beyond renovating: thinking green

After receiving my gas bill in January, I decided that heating a house less than 2,000 square feet should never cost more than $500 in Richmond.  Somewhere in Canada, fine, but in the South?  So, I bled a little more money to invest in caulk, sealant, and insulation to ensure I wasn’t sharing my heat with the neighborhood. 

While this is just one of many house projects, it got me thinking about how to conserve more energy.  Ok, money was the real motivator here.  I did a little research on how to make a green home.  Most green building articles focus on new homes, but here is a great story for finding out how to complete a green renovation on an old house.


4 responses to “beyond renovating: thinking green

  1. In my experience, you get the most bang for the buck by laying insulation in the attic and weatherstripping doors and windows. Most old houses don’t have insulation in the walls, and in order to introduce it properly you have to gut the house. If this is part of the plan, I would have a contractor spray cellulose insulation into the walls rather than install fiberglass batts. If not installed with a seamless vapor barrier, moisture can condense in the batts and cause such problems as mold, rot, and paint failure on the exterior. Once the mistake is made, you have to tear everything out again to fix it.

    If your house has the original wood windows, don’t fall for the hype from the vinyl window replacement companies. There are many shoddy products out there that you will end up replacing again in 10 years, and there’s nothing green about that. It’s time-consuming, but most wood windows can be restored to be as good as new, and it doesn’t take exceptional skill. With weathstripping and a storm window, the thermal performance can be just as good as a double-pane replacement. If you are thinking about replacement windows, I would spend the money on storms instead, and invest sweat equity in tuning up the original windows. The This Old House and Old House Journal websites have good articles on the subject.

  2. gentrifyrichmond

    Matt – as you seem to have some knowledge on the subject, is there any danger with the type of insulation for the walls with regard to old beams? I have heard that insulation itself can cause issues because balloon-framed houses are old wood and not treated. Would the type of insulation you recommend cause any rot/moisture buildup to untreated beams?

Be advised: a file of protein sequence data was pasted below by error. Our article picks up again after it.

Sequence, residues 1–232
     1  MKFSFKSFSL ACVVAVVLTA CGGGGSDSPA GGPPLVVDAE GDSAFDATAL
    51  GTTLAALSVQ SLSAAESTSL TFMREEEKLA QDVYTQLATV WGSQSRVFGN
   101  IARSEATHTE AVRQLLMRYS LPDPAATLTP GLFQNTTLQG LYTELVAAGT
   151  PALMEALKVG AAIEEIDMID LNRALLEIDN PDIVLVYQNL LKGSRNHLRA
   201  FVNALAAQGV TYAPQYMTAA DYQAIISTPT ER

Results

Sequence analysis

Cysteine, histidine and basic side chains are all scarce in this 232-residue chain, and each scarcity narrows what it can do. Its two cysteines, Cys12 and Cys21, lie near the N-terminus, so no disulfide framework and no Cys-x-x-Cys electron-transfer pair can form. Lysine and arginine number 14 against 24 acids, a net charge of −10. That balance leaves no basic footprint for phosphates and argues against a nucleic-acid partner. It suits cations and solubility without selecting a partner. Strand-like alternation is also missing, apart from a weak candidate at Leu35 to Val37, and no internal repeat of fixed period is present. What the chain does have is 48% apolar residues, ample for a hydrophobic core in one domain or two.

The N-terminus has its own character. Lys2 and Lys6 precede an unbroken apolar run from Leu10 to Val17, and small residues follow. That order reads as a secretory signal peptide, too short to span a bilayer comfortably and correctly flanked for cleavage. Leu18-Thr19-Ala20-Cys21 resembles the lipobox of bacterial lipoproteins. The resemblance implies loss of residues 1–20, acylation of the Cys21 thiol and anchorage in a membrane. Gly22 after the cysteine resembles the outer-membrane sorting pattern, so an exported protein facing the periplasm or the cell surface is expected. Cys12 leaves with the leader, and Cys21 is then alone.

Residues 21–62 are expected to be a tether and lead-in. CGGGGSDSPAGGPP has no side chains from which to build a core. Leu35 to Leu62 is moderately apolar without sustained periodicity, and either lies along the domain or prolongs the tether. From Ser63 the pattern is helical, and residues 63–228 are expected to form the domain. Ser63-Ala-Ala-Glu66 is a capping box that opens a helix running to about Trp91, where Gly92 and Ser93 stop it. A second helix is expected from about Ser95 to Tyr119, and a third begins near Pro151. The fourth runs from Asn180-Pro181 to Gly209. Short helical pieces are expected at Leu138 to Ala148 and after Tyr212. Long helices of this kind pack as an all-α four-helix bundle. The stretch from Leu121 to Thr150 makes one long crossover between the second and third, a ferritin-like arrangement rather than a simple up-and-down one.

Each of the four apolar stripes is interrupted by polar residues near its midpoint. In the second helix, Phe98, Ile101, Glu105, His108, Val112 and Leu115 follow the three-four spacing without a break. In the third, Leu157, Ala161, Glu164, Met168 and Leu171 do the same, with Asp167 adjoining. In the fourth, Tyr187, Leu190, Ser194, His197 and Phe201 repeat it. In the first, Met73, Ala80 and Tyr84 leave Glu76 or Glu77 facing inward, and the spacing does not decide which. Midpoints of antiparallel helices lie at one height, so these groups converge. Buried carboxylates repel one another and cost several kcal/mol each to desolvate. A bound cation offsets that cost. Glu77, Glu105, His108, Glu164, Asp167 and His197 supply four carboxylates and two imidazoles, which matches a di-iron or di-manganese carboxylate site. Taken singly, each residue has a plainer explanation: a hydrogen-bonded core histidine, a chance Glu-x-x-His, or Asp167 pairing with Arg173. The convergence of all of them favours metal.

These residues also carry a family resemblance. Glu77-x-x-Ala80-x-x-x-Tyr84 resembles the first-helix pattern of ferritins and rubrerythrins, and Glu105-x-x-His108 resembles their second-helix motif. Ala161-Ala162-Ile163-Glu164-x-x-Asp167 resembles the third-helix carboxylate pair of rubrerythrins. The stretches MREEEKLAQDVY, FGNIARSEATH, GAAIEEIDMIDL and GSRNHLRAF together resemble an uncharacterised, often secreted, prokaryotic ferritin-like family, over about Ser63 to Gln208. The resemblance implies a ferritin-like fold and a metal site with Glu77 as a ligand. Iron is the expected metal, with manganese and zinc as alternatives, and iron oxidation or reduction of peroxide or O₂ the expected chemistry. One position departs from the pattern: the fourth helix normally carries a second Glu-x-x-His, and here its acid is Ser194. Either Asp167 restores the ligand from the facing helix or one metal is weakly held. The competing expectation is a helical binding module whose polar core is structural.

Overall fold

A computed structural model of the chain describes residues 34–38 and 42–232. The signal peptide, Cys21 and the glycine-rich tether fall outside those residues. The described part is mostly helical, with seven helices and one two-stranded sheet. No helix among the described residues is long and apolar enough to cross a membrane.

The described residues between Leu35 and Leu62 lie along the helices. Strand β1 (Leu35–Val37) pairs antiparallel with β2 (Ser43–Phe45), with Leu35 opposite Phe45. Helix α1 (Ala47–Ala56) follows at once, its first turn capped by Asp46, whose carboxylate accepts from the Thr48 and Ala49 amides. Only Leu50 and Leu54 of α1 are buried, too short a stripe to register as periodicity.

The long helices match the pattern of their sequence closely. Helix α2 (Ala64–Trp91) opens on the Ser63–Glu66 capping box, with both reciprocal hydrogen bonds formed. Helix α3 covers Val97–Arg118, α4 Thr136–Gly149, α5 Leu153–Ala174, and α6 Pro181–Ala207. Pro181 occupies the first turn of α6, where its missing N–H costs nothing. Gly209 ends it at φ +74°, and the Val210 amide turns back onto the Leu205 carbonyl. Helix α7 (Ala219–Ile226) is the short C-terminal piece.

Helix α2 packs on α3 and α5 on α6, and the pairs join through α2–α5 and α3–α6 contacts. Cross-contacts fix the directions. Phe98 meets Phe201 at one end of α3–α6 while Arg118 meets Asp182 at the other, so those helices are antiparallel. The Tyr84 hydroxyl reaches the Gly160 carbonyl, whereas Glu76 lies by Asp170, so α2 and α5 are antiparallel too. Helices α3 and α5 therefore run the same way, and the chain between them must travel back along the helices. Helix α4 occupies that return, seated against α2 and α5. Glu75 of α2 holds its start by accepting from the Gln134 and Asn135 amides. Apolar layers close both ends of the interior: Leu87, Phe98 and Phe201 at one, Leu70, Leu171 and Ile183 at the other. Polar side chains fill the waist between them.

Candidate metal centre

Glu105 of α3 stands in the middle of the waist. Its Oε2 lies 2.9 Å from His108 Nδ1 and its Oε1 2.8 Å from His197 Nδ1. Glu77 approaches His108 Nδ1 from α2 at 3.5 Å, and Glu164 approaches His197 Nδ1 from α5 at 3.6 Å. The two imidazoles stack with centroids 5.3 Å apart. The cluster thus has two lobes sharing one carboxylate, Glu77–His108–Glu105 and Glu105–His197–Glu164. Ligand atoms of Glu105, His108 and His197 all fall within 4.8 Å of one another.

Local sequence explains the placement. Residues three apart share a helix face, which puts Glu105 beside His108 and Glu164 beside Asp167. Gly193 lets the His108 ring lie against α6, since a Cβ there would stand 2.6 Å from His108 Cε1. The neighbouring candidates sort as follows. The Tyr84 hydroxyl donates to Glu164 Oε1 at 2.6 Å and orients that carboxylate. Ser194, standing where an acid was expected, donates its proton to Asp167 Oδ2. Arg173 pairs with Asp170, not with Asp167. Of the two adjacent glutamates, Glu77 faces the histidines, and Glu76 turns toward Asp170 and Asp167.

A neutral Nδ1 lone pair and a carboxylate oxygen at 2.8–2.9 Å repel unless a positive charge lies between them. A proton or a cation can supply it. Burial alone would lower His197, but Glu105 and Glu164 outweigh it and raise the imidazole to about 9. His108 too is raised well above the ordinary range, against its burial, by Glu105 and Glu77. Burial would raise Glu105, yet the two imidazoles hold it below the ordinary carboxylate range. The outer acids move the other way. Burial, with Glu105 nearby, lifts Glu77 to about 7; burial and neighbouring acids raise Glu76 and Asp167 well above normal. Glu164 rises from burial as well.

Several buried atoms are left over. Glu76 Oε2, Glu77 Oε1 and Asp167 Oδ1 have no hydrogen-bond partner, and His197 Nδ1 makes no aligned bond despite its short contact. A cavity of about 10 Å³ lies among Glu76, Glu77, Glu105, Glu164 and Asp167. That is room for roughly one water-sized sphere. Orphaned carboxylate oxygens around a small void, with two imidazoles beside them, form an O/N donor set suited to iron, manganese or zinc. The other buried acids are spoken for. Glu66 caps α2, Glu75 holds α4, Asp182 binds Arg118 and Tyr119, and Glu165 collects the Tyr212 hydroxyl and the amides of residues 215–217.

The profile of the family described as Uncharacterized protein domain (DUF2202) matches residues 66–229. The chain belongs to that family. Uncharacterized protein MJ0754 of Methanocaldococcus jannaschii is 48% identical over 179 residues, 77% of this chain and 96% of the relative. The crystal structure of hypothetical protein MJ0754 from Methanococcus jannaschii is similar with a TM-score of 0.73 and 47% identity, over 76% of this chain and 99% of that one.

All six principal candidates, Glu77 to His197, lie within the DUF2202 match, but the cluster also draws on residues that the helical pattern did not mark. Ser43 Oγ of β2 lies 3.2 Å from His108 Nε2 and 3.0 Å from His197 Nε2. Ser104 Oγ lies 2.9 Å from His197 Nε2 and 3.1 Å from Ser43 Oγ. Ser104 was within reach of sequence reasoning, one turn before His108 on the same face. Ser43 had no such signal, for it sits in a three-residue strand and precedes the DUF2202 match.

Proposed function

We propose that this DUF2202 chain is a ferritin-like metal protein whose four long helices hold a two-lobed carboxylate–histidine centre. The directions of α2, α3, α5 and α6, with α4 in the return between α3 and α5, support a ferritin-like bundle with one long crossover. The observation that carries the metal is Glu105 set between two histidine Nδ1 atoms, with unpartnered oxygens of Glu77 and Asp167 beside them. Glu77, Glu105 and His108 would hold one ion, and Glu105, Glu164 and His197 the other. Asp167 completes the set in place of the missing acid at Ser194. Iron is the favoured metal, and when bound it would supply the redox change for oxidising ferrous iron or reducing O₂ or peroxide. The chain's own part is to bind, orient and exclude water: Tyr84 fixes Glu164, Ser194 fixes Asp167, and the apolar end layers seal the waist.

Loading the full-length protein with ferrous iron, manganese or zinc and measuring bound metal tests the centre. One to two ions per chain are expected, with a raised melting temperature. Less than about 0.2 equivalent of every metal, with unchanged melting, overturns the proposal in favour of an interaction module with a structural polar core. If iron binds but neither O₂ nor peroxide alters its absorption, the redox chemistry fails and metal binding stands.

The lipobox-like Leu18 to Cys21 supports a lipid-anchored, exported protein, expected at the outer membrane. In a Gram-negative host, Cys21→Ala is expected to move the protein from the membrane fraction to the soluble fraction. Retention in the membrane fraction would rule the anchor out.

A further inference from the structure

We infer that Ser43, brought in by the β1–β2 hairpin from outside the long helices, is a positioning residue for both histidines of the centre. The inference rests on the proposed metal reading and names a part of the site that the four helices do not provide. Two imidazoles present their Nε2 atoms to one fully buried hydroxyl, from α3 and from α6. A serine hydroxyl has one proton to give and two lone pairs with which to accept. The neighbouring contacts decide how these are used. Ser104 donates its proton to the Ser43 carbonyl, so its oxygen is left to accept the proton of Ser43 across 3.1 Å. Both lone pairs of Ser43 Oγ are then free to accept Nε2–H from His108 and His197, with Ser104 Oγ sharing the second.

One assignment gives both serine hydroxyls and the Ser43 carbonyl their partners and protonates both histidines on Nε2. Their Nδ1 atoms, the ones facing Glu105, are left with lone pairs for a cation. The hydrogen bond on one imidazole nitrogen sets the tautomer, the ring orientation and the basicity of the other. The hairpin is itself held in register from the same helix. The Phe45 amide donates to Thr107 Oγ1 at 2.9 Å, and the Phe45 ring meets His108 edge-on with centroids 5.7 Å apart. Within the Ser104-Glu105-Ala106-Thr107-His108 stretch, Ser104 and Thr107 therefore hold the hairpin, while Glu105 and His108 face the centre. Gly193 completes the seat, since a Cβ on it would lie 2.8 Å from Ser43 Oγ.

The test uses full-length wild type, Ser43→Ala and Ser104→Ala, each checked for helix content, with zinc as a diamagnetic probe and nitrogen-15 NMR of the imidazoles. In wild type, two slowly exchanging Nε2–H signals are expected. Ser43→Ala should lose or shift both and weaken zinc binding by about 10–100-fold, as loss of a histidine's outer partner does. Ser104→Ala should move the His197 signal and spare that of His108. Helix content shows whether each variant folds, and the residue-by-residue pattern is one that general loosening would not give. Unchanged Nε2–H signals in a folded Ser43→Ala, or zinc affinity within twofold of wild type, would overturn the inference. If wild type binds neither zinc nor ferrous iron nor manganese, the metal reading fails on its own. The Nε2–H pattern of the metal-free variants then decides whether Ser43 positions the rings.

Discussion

3. Gentrify: I don’t think that the type of wood matters – the wood studs and joists used in home construction today are not treated. In fact, this newer wood is much more prone to rot and insect damage than the old growth wood used in historic buildings. From what I’ve heard, the use of blown-in insulation is pretty much the only option, short of removing the exterior cladding or ripping out the interior plaster, neither of which is desirable. As long as there are no leaks (from roofs, built-in gutters, or holes in the wall) that would allow excessive water into the walls, it should be fine.

  4. Gentrify: I used Cocoon cellulose insulation from Greenfiber ( So far, I have had no problems of any kind with it. I concur with Bryan–the old growth wood used in old houses is actually less rot-prone than new wood, because it’s more dense.

    I still wouldn’t feel comfortable blowing insulation into walls unless the wall cavity is visible to inspection. There could be deteriorated insulation on old wiring in there, and spraying in cellulose could increase the fire hazard, although cellulose is normally treated with a fire retardant. Maybe it’s just me, but I like to know for sure what’s inside the wall before I fill it up.

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